Billionaires are not a valid revenue source

According to Forbes, America still leads the world, with 735 billionaires worth a collective $4.7 trillion, including Elon Musk, who tops the World’s Billionaires list for the first time.

The US federal budget deficit is about $1.4 trillion and growing by the minute. The US is spending about $6 trillion per year and growing and has failed to address the funding shortfall of the two major social programs- Social Security and Medicare both which require higher levels of spending just to be sustained at current benefit levels.

Politicians constantly propose new programs and new spending and the creation of new long-term obligations.

To pay for this mess we are told a wealth tax on billionaires will do the trick. The successful drivers of change, of job creation of innovation should foot the bill.

A wealth tax on the super wealthy is a farce. Not only will it not fix current funding shortfalls, it surely won’t pay for new grand proposals. Many such proposals stimulate more use and spending and create long term obligations.
Meanwhile, the wealth of billionaires rises and falls with factors beyond our control. To tie more obligations to such a revenue source is foolish – not to mention creating the illusion of affordability.

Let’s start with a wealth tax of 10% or new government revenue this year of $470,000,000,000, that’s billion.

By 2030, Medicare will be spending $157 billion a year more than its revenue.

In CBO’s projections, the gap between Social Security’s outlays and revenues widens over the long term. Total spending on the program in 2022 is equal to 5.0 percent of GDP; by 2096, spending on the program reaches 7.0 percent of GDP. Over the same period, revenues remain around 4.6 percent of GDP. In other words the current annual funding gap is about $128 billion.

H.R. 5376, the Build Back Better Act, would establish a program whereby the federal government would provide paid family and medical leave for eligible workers. That program would cost about $20 billion a year and growing.

BOSTON – Sen. Elizabeth Warren is pushing a plan that she says would cap child care costs at $10 a day for about half of American families. The plan says higher-income families would have to spend no more than 7% of their earnings on child care, and those making under 75% of their state median income would be fully covered.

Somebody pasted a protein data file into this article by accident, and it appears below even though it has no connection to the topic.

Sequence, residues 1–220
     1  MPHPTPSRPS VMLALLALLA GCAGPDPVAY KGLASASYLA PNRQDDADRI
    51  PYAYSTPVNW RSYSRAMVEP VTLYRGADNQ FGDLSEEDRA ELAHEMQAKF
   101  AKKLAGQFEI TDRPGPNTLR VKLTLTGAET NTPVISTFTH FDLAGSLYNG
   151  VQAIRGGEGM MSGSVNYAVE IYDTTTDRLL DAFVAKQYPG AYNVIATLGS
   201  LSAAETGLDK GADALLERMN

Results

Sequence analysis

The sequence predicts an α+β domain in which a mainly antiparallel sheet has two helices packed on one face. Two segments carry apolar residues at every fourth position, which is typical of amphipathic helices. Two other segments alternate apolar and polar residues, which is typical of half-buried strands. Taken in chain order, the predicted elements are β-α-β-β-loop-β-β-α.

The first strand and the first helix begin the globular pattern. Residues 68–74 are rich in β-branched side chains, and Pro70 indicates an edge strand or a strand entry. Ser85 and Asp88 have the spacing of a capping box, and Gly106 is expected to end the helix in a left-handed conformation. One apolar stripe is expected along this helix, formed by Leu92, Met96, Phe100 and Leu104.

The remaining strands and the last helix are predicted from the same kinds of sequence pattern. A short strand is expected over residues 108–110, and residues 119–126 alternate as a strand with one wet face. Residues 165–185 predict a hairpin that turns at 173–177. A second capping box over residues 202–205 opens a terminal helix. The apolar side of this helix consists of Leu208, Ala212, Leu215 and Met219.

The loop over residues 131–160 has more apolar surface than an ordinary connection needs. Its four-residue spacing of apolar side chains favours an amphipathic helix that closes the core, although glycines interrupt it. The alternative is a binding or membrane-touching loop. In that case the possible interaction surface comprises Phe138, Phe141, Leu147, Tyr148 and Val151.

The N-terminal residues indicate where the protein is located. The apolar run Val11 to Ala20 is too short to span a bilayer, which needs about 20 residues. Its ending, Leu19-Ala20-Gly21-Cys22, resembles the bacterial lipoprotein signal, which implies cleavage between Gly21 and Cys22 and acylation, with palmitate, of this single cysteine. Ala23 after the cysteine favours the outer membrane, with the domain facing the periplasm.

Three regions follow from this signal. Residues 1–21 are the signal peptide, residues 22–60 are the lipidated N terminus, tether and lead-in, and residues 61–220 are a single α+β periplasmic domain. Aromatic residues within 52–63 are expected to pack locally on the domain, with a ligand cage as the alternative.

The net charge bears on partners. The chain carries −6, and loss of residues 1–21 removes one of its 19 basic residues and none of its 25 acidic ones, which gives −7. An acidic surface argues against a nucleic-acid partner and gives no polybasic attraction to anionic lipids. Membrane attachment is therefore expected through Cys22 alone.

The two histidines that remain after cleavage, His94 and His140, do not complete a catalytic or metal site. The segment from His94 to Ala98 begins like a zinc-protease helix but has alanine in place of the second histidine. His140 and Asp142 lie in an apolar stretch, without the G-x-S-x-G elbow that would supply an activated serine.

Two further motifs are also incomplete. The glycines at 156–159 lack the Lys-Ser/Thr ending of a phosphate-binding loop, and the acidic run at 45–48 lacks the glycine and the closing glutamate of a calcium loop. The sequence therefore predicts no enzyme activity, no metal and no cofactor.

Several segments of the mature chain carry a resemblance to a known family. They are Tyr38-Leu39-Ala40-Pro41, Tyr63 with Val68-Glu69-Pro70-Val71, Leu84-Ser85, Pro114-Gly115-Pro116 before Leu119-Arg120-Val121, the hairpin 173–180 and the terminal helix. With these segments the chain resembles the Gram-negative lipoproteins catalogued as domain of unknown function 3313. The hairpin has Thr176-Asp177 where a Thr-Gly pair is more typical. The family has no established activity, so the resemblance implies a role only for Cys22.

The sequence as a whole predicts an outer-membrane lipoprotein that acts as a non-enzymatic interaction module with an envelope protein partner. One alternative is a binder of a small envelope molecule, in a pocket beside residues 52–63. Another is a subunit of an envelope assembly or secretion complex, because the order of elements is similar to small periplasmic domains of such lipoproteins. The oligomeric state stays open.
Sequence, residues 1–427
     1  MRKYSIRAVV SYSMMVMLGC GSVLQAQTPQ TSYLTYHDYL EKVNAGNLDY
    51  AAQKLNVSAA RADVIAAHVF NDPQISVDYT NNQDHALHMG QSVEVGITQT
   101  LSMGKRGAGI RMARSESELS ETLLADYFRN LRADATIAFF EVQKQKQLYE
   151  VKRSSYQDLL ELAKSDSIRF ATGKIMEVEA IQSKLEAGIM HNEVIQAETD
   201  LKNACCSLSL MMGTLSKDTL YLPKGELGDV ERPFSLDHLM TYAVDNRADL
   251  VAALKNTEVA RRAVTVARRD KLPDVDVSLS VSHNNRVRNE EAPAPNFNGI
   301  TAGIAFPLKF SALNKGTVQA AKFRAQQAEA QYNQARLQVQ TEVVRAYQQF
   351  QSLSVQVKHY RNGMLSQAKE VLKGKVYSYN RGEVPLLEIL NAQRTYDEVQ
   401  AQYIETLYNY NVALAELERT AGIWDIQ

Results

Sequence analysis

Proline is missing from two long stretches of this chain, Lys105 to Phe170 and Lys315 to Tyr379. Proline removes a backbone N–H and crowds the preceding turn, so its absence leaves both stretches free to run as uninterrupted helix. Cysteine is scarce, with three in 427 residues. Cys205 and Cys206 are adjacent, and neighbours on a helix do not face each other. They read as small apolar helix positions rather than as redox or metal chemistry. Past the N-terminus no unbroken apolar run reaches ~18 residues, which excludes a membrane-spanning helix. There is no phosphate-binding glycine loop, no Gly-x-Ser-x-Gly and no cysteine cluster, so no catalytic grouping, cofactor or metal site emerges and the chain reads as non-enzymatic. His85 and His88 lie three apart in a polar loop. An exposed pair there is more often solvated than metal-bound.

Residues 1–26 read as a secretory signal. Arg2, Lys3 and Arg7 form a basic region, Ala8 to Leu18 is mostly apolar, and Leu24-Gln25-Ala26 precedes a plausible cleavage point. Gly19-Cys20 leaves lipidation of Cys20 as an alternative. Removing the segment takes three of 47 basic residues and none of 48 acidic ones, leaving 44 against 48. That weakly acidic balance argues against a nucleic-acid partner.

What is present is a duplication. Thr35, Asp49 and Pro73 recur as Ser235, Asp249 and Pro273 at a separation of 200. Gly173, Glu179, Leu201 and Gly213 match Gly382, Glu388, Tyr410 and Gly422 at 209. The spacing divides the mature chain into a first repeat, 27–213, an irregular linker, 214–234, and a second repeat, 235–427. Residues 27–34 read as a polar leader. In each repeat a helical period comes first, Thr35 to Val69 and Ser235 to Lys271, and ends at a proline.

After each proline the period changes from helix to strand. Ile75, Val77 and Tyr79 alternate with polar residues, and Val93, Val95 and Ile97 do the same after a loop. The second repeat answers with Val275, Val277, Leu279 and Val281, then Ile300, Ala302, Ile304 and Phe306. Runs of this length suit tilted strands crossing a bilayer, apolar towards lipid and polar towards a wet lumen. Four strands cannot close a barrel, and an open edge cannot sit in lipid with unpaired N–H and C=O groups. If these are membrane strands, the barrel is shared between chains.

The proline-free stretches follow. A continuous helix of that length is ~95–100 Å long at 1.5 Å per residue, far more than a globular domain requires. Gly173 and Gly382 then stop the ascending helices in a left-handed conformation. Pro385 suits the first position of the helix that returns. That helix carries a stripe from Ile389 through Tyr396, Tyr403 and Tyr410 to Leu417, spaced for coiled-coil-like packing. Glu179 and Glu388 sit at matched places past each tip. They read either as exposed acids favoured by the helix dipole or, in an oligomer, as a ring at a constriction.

Last month, the Biden Administration put forward a proposed rule to unilaterally expand the Income-Driven Repayment (IDR) program for student debt. In addition to being highly problematic on policy grounds, this proposal is likely to cost far more than the $138 billionestimated by the Administration. For example, Penn Wharton Budget Model (PWBM) recently estimated the IDR program will likely cost between $333 billion to $361 billion over ten years, before accounting for the policy’s effects on boosting tuition or increasing overall debt. One estimate has found the cost could exceed $1 trillion.

Committee for a Responsible Federal Budget

It never ends.


  1. Some of this is true – a wealth tax would be very difficult to implement – but there are definitely tweaks that can be made, like stronger inheritance tax laws, better enforcement of existing tax laws, eliminating US based tax shelters, and returning personal and corporate income tax rates more in line with historic levels. I am non partisan for the sake of fairness, though you mentioned three democratic proposals for increases in spending, it should be noted that the biggest recent deficit increases have come during Republican administrations. It is a bi partisan problem, because most voters don’t want to choose candidates who will cut popular programs.


  2. And don’t leave out Bernie Sanders’ new pitch to increase teachers pay to a minimum of 60k per year nationwide. He says it can be funded by increasing the inheritance tax on the wealthy.


    1. It make me sick how politicians think they can fund some new program by taxing the wealthy. How about raising taxes to pay down the debt before starting something new.


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